Pyridoxal phosphate can elevate AST values by activating the apoenzyme form of the transaminase. Pyridoxal phosphate may be found in diluent water contaminated with microbial growth. (6) High levels of um pyruvate may also interfere with assay performance. Young et al. give a list of drugs and other substances that interfer with the determination of AST activity. (7) Refer also to N.E. Saris for a list of references. (8)

1. Pipetting devices.
2. Test tubes/rack.
3. Timing device.
4. Spectrophotometer capable of reading at 340 nm (UV).
5. Heating block or bath (37°C).

The reagent for AST is intended for use either as an automated procedure on chemistry instruments or as a manual procedure on a suitable spectrophotometer.

Consult the appropriate instrument application guide available from us.

1.Reconstitute Reagent according to instructions on vial label.
2.Pipette 1.0 ml of reagent into a 1cm cuvette and allow to equilibrate to
3.Add 0.10 ml (100 ul) of specimen to reagent and mix gently.
4.Maintain the solution at 37°C. After one (l) minute measure the
absorbance at 340 nm.
5.Take two additional absorbance readings at 1 minute intervals.
Calculate the mean absorbance change per minute. (/\ A/min.)
6.Multiply the /\ A/min. by 1768 to calculate IU/L of AST.

If the spectrophotometer being used requires a final volume greater than 1.0 ml for accurate readings follow the "ALTERNATE PROCEDURE".

One International Unit (IU) is defined as the amount of enzyme that catalyzes the transformation of one micromole of substrate per minute under specified conditions.

/\ Abs./min. x TV x 1000 = /\Abs./min. * 1.1 * 1000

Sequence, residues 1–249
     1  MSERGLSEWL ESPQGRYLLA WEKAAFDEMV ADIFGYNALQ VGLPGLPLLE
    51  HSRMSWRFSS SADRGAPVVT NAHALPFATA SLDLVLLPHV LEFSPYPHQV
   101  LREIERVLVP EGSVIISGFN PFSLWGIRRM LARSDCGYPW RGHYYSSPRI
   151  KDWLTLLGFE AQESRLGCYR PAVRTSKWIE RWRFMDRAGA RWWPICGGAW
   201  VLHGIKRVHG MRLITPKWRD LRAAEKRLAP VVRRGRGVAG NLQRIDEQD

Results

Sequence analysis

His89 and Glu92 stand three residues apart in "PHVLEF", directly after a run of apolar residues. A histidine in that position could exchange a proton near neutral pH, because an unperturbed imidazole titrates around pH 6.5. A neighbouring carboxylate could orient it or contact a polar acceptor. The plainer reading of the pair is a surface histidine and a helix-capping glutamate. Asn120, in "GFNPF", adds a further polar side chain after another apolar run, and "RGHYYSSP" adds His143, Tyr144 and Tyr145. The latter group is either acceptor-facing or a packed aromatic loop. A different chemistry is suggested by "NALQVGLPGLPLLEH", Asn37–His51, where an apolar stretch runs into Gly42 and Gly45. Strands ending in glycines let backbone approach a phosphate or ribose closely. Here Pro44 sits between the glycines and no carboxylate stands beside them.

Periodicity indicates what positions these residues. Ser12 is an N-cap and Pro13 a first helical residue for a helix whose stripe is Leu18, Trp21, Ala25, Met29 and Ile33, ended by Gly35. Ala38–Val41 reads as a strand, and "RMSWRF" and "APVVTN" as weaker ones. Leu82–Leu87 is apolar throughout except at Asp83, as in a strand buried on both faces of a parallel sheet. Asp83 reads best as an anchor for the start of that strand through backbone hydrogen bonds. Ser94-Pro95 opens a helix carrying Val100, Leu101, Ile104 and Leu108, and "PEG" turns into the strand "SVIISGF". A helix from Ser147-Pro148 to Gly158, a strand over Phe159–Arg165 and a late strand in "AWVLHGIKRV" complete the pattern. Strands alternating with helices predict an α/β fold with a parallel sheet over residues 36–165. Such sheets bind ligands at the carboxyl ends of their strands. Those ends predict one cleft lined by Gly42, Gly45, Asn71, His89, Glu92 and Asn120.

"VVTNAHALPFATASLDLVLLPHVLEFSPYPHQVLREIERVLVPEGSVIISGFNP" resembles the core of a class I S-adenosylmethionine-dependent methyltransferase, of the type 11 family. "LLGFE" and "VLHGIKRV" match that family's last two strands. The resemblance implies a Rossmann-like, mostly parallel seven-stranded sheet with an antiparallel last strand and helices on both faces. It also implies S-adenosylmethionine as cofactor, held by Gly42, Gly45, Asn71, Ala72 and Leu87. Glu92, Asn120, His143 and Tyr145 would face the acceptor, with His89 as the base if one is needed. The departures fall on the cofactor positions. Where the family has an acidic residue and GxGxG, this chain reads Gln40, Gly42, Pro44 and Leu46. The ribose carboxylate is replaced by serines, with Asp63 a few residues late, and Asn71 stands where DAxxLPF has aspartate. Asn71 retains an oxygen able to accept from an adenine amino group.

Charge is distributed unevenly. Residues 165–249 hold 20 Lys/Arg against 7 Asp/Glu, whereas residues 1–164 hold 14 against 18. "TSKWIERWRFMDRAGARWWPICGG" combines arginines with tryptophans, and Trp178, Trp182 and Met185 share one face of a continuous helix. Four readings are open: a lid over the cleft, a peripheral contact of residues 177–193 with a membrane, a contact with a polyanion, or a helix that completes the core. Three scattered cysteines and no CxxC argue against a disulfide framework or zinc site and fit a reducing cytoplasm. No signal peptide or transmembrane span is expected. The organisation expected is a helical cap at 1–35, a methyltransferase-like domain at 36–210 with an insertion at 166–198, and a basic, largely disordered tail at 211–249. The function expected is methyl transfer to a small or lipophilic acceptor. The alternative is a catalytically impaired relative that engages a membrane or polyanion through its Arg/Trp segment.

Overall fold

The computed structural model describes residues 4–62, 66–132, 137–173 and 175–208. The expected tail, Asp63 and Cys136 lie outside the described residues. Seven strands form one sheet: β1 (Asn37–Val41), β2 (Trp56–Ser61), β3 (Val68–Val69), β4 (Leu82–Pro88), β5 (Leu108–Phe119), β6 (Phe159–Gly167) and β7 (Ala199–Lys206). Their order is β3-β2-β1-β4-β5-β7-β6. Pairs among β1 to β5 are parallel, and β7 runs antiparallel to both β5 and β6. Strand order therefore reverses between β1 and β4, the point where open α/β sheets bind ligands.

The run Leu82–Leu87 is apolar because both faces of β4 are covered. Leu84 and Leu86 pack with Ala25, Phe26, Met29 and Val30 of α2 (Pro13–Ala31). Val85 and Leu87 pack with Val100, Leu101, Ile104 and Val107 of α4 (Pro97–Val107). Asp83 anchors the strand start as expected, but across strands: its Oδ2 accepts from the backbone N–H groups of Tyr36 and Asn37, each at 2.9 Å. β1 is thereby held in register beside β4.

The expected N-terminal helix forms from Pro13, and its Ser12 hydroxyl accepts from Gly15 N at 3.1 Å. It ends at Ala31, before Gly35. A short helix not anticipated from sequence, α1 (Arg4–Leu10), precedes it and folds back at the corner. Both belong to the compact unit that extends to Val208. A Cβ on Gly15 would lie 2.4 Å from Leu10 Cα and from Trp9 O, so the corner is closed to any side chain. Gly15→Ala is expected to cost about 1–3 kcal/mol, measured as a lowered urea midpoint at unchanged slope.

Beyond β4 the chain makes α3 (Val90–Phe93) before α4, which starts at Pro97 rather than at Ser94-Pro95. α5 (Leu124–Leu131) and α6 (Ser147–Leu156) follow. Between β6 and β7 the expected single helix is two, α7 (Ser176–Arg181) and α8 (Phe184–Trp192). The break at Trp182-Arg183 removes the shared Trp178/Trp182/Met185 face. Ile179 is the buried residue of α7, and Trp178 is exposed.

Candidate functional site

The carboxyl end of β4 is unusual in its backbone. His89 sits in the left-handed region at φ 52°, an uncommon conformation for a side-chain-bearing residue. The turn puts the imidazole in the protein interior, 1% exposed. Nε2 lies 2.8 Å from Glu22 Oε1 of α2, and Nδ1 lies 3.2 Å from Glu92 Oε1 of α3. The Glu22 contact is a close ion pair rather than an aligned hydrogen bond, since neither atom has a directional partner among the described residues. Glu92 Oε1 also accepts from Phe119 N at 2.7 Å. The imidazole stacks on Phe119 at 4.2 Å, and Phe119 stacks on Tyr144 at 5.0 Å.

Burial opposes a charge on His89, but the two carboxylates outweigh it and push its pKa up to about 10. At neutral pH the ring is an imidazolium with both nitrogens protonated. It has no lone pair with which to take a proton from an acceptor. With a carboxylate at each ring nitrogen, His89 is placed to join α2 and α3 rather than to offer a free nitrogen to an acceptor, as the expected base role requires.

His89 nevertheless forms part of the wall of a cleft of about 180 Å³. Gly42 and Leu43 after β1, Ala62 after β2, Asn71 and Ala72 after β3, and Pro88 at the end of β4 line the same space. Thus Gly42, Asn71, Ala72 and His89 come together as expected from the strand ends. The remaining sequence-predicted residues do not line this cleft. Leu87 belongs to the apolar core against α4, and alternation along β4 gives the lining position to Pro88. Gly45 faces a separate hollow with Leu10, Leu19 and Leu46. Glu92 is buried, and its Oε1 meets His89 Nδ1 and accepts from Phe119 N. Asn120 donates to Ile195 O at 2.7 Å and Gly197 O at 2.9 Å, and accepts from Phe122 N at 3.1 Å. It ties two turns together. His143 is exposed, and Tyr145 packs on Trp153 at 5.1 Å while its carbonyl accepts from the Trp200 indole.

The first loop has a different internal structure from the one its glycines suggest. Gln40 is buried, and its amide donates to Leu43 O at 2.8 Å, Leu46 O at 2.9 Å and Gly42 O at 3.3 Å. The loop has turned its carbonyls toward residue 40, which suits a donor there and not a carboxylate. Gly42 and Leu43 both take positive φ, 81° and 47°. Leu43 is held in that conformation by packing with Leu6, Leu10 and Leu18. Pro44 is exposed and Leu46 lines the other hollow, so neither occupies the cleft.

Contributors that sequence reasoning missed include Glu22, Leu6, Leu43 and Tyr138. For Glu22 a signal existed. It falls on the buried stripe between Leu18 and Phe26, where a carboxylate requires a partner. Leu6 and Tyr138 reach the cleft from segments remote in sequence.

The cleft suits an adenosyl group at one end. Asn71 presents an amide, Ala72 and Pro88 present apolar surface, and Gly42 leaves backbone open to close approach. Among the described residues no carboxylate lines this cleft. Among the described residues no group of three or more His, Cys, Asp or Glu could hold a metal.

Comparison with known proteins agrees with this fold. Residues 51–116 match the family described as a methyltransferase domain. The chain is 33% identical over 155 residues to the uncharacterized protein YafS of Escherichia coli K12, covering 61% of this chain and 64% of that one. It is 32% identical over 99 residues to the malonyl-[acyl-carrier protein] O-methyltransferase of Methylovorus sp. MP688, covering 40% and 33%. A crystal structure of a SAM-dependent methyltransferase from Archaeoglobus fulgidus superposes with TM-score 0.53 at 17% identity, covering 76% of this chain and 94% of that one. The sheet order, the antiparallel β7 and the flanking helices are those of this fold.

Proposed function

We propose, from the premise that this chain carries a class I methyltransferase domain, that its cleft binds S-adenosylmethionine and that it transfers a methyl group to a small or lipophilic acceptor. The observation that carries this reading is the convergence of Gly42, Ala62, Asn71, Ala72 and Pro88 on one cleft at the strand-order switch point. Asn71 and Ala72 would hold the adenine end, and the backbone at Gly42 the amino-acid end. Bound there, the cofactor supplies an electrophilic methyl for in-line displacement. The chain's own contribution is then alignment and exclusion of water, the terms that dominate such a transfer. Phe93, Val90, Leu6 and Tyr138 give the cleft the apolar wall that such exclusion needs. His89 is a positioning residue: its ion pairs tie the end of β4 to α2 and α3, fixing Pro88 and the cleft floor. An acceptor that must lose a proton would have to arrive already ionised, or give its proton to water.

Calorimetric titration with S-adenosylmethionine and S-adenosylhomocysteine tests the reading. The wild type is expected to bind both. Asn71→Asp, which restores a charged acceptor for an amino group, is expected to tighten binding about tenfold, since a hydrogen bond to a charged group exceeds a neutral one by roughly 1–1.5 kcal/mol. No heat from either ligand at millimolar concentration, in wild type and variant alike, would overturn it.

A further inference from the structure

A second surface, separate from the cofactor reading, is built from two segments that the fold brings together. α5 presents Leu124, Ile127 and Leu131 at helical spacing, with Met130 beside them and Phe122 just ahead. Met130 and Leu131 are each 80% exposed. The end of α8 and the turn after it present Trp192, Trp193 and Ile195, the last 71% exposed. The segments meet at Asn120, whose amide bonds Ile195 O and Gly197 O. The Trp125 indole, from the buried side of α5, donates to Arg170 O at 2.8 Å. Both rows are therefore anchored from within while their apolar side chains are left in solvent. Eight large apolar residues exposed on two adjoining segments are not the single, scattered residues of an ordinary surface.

e x SV x LD 6.22 x 0.1 x 1
= /\Abs./min. * 176
Where: /\ Abs./min. = Average absorbance change per minute
TV = Total reaction volume (ml)
1000 = Conversion of IU/ml to IU/L
e = Millimolar absorptivity of NADH
SV = Sample volume in ml
LP = Light path in cm
Example: If the average absorbance change per minute = 0.15 then 0.15 x 1768 = 265 IU/L

SI UNIT: To convert to Sl Units (nkat/L) multiply IU/L by 16.67.
NOTE: If any of the test parameters are altered a new factor must be calculated using the above formula.


1. Reconstitute reagent according to instructions.
2. Pipette 3.0 ml of reagent into a 1 cm cuvette and allow to
equilibrate to 37°C.
3. Add 0.20 rnl (200 µl) of specimen and mix gently.
4. Maintain the solution at 37°C. After one (1) minute measure
the absorbance (A1) at 340 nm
5. After exactly five (5) minutes read and record absorbance (A2)
6. The difference in absorbance between readings (A1- A2)
multiplied by the factor 514 (see" ALTERNATE PROCEDURE CALCULATIONS") will yield results in IU/L.
7. Sample with values above 500 IU/L should be diluted 1:1
with saline re-assayed and the results multiplied by two (2).

Turbid or high icteric samples may give readings whose initial absorbance exceeds the capabilities of the spectrophotometer used. Run this kind of sample using 0.10 ml (100 µl) sample volume to 3.0 ml reagent and multiply result by two (2).